Get the answer of: Can the Rate of Interest Ever Fall to Zero?

Sometimes the question is raised about the possibility of rate of interest being zero.

The answer is – it may be conceived in theory but is not likely to be zero in practice.

Let us take the most important theories and see what they tell us about it.


In the neoclassical loanable-funds theory, rate of interest is determined by the demand for and supply of capital which is also called loanable funds. As long as demand for capital is more than its supply, rate of interest will always be positive.

Some writers are of the opinion that as the standard of living of the people is rising in Western countries due to rising incomes and literacy, a stage may be reached in which people’s power and will to save will go up so much and their rate of discounting the future will go so down that the rate of capital accumulation will outstrip the demand for capital.

In their view, the supply of capital may become so plentiful as compared to the demand for it, as to reduce its marginal productivity to zero. But it is altogether improbable that such a stage may be reached. This is because the demand for capital is not likely to lag behind its supply and the supply price of capital is not likely to be zero either.

As for the demand for capital, it is likely to increase fast.


Firstly, population is increasing fast—at least in underdeveloped areas of the world. The demand for capital in the developing economies is vast.

Secondly, people’s tastes are changing so fast that the demand for capital in newer channels is not likely to cease.

Moreover, technical change is more likely to be capital-absorbing than capital-saving in nature. As a result of all these factors demand for capital is not likely to be such as to allow the rate of interest to fall to zero. Yet another factor which may keep the rate of interest positive is the premium which people will continue to place on the present rather than the future consumption.

On the supply side also we come to the conclusion that rate of interest cannot be zero. It is true that some people, by sheer force of habit or need, may save even at zero or negative rates of interest. But if the rate of interest is zero, the volume of saving forthcoming at the rate would be so low as to create acute scarcity of capital.


It would require a positive rate of interest to induce people to forego their present consumption of all their incomes to induce them to save enough to satisfy the demand for capital.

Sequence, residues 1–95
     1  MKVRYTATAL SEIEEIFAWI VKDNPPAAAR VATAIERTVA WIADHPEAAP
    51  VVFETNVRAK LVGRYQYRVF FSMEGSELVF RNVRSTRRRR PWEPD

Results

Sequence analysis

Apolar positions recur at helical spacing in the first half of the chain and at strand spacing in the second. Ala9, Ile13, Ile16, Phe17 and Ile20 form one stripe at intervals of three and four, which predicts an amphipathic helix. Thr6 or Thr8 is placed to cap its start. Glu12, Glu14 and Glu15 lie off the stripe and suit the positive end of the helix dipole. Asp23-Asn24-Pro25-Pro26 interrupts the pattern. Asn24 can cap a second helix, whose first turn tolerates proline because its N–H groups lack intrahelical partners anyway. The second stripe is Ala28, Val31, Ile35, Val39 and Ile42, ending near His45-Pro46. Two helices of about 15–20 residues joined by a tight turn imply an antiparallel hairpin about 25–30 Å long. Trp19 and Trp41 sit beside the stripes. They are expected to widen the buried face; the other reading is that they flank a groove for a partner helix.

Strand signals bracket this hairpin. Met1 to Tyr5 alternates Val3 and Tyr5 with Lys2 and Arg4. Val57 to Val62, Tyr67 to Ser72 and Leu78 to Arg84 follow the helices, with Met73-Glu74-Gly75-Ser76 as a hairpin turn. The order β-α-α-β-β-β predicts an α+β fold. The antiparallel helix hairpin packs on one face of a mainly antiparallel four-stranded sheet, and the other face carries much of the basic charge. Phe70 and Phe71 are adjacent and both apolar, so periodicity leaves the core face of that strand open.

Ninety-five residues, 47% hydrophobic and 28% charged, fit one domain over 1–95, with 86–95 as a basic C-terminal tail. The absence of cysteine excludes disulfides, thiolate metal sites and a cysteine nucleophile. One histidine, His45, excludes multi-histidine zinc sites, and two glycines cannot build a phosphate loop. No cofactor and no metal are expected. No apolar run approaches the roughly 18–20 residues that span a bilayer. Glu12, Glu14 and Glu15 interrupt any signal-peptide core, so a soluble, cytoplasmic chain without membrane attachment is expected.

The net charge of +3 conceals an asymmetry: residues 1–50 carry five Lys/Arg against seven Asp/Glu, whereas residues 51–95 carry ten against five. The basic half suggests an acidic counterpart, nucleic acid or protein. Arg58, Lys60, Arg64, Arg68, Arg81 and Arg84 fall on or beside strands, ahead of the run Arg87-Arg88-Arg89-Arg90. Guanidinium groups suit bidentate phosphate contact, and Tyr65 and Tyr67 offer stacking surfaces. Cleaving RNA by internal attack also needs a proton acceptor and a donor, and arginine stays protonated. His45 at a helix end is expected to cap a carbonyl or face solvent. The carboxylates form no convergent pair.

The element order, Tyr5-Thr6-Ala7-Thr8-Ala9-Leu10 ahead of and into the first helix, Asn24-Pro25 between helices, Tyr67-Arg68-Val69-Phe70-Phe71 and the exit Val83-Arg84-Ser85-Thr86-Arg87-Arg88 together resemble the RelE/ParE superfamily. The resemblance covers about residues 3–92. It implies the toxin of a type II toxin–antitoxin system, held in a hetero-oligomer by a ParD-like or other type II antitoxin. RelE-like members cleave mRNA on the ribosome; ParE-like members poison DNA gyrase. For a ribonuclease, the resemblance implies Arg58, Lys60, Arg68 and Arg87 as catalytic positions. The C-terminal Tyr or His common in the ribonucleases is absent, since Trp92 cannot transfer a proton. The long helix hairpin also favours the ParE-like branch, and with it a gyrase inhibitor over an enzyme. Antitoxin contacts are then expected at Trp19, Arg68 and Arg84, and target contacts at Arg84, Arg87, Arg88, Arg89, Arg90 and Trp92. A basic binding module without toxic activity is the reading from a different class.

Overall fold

The conclusion then is that capital is not likely to lose its basic characteristic scarcity. Rate of interest as the allocative price for the services of capital and as the incentive to save and accumulate will continue to be positive.

Now come to the liquidity-preference theory. Keynes denied the possibility of reducing of the rate of interest to zero even by a vast supply of money by the monetary authority. Keynes believed that there is a low positive rate of interest at which the liquidity preference function (curve) is infinitely elastic, that is, at a low positive rate of interest, the liquidity preference curve becomes parallel to the horizontal (x) axis.

In other words, at a low positive rate of interest, the liquidity preference curve becomes infinitely interest-elastic. In other words, at a low positive rate there is what Keynes called a ‘liquidity trap’ people have an insatiable demand for money (a perfectly elastic demand for money with respect to the interest rate).

Even if the monetary authority goes on throwing huge stocks of money into circulation, the rate of interest would not fall below a certain positive rate, for at this rate, people simply go on absorbing the additional money into their money hoards.

The monetary experience of the days of the Great Depression also bears testimony to the conclusion of the impossibility of a zero rate of interest underlying Keynes’s liquidity trap hypothesis. Coming now to the determinate modern theory of the rate of interest, we find that rate of interest is one of the many equilibrating prices in the economy and is determined simultaneously with the level of income.

In this theory, the system as a whole determines the price called the rate of interest. If the price is negative or zero, it means costs of disposal or negative price for the things for which interest is paid. Such a state of affairs is not likely to prevail so long as it requires even the slightest effort to create a capital asset or even a little pain to forego the pleasure of immediately consuming one’s income.